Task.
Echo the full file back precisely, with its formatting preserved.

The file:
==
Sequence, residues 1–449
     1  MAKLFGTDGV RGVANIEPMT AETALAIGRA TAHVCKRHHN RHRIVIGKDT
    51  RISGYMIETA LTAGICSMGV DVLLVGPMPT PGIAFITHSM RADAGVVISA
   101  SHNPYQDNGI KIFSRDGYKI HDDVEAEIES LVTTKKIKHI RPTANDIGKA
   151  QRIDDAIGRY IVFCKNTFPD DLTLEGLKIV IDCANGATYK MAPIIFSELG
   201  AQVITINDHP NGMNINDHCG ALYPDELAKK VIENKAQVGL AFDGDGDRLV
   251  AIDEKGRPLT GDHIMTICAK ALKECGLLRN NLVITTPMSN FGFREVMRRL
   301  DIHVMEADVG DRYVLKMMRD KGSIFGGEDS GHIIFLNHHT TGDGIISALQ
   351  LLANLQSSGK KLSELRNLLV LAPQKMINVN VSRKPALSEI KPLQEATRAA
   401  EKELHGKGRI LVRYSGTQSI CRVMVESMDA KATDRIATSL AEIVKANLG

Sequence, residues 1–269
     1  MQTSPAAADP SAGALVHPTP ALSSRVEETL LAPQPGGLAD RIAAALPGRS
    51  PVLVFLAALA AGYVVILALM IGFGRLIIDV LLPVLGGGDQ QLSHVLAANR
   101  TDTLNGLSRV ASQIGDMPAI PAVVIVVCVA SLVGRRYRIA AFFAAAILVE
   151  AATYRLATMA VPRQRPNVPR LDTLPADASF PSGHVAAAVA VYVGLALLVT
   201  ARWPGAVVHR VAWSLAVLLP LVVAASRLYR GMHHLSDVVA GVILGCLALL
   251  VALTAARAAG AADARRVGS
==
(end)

Sequence, residues 1–449
     1  MAKLFGTDGV RGVANIEPMT AETALAIGRA TAHVCKRHHN RHRIVIGKDT
    51  RISGYMIETA LTAGICSMGV DVLLVGPMPT PGIAFITHSM RADAGVVISA
   101  SHNPYQDNGI KIFSRDGYKI HDDVEAEIES LVTTKKIKHI RPTANDIGKA
   151  QRIDDAIGRY IVFCKNTFPD DLTLEGLKIV IDCANGATYK MAPIIFSELG
   201  AQVITINDHP NGMNINDHCG ALYPDELAKK VIENKAQVGL AFDGDGDRLV
   251  AIDEKGRPLT GDHIMTICAK ALKECGLLRN NLVITTPMSN FGFREVMRRL
   301  DIHVMEADVG DRYVLKMMRD KGSIFGGEDS GHIIFLNHHT TGDGIISALQ
   351  LLANLQSSGK KLSELRNLLV LAPQKMINVN VSRKPALSEI KPLQEATRAA
   401  EKELHGKGRI LVRYSGTQSI CRVMVESMDA KATDRIATSL AEIVKANLG

Sequence, residues 1–269
     1  MQTSPAAADP SAGALVHPTP ALSSRVEETL LAPQPGGLAD RIAAALPGRS
    51  PVLVFLAALA AGYVVILALM IGFGRLIIDV LLPVLGGGDQ QLSHVLAANR
   101  TDTLNGLSRV ASQIGDMPAI PAVVIVVCVA SLVGRRYRIA AFFAAAILVE
   151  AATYRLATMA VPRQRPNVPR LDTLPADASF PSGHVAAAVA VYVGLALLVT
   201  ARWPGAVVHR VAWSLAVLLP LVVAASRLYR GMHHLSDVVA GVILGCLALL
   251  VALTAARAAG AADARRVGS